In 1962 GDP was roughly £27.8bn and British Rail's losses were £104m or 0.37% of GDP. In 2014 UK GDP was £1,971bn and the subsidy was £5.3bn or 0.26% of GDP. However, that subsidy figure is down from the 2006 peak of £6.3bn vs £1,403bn GDP or 0.45%.
But in honesty that's a meaningless comparison as it ignores so many variables such as volume of traffic (both freight and passenger), cost of rolling cost (note that both the East Coast and Great Western are still using rolling stock developed and built by British Rail in the 70's and 80's).
Did something need doing with the Railways in 1963? Undoubtedly the answer was yes. But the implementation of the report could have been handled better.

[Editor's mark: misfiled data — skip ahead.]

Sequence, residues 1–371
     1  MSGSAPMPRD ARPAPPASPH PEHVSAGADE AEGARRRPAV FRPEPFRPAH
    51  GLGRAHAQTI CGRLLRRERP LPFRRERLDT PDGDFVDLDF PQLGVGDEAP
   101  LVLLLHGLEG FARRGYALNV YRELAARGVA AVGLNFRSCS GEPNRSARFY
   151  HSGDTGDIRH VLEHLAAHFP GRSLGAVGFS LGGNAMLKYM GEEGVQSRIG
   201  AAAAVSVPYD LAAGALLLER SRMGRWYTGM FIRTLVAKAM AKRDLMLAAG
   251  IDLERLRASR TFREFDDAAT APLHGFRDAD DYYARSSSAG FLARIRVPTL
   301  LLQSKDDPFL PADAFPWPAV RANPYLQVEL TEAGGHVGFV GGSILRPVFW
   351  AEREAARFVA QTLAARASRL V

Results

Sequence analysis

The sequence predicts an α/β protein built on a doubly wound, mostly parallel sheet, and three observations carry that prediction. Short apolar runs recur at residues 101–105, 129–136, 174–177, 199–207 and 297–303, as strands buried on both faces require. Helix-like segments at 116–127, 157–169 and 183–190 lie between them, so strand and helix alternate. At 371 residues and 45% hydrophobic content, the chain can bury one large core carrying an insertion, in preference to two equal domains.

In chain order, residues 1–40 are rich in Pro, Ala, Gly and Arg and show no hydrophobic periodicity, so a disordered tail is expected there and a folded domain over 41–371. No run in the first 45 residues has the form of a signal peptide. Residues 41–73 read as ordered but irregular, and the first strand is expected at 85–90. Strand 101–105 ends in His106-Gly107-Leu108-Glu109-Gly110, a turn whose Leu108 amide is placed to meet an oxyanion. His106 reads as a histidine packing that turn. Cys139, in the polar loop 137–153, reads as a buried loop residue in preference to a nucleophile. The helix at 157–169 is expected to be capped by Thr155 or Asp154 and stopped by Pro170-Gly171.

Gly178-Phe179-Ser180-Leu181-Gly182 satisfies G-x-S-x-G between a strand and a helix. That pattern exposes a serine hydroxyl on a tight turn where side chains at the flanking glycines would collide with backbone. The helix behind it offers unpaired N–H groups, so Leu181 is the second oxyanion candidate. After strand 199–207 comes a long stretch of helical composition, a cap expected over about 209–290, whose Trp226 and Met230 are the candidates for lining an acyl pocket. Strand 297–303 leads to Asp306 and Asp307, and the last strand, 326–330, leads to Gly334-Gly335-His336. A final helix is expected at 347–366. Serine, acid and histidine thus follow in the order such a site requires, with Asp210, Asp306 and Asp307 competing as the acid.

For reference in the 1980's Japan spent 10% of GDP on railways, a significant percentage of which was spent developing the Shinkansen network.
The real mistake was abandoning APT before they had perfected it (it was nearly there).
The Eyeties bought some of the technology and perfected it, and that's what a Virgin Pendolino is. However, the real problem was (for both trains) betting the farm on a technology to avoid straightening out the bends in about four significant locations, when the real barrier to high speed was mainly the signalling (which was known even in the days of the APT).
... not drinking, that is.
I decided to go 'dry' for the first three weeks of the year and I've surprisingly succeeded without any problems. Apparently you are meant to feel better for it, but I've had more random aches and pains and twinges this past fortnight than ever before.